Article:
• Control of execution, weighted by variants and couplings (c).
  • Processing of objects, weighted by variants and features (d).
  • Processing of actual (analog) events, weighted by features (e).
  • Processing of physical objects, weighted by features (f).

Additional adjustments are to be considered for distributed locations and synchronous execution.

Functional Complexity

Whereas complexity is clearly another primary factor when development strategies are considered, measurements are generally based upon educated guesses at best, arbitrary assessments otherwise. That may prove a fateful obstacle to the use of function points when subjective estimates bring statistical variance to disproportionate levels.

From a functional point of view, complexity depends on interconnections, their degree of coupling, and their distribution.

Those criteria can be organized within a complexity matrix and adjustment factors computed for each capability based on cross constraints (intrinsic complexity is already measured by primary function points): 

  • Locations: coupling (channels), locations with active objects, distributed storage, distributed access, real-time connections, distributed processing, distributed control.
  • Active objects: real-time updates on status, authentication, real-time synchronization, complexity of data processing, complexity of control.
  • Symbolic objects: coupling (references), authorizations, triggers (cascading updates), complexity of algorithms, knowledge based control.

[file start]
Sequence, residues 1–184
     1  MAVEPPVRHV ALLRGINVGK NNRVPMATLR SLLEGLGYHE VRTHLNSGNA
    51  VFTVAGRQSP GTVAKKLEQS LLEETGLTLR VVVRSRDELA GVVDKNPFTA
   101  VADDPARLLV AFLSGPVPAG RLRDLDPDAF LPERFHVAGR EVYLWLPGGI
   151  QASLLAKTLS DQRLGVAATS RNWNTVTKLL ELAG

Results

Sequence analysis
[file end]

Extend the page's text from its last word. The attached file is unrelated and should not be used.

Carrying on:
• Actors: real-time constraints on interactions, complexity of interactions contents, complexity of interactions control.
  • Events: complexity of events processing,  triggers (cascading events).
  • Business logic:  coupling (data and control flows), synchronization of operations (ACID).
  • Process execution: coupling (state transitions).
Cross constraints on architecture capabilities
Cross constraints on architecture capabilities

Functional Size Metrics & Architecture Layer

That analysis of functional complexity can be refined in order to distinguish between model and local complexity. Model complexity is set along architecture layers:

  • Coupling constraints (channel and synchronization) with processes environment: agents, devices, or other systems.
  • Boundaries: interfaces with agents, devices, and other systems (views).
  • Business logic: processing of business objects within execution units (stateless control).
  • Process control: synchronization between execution units (stateful control).
  • Business domains: shared business objects (model).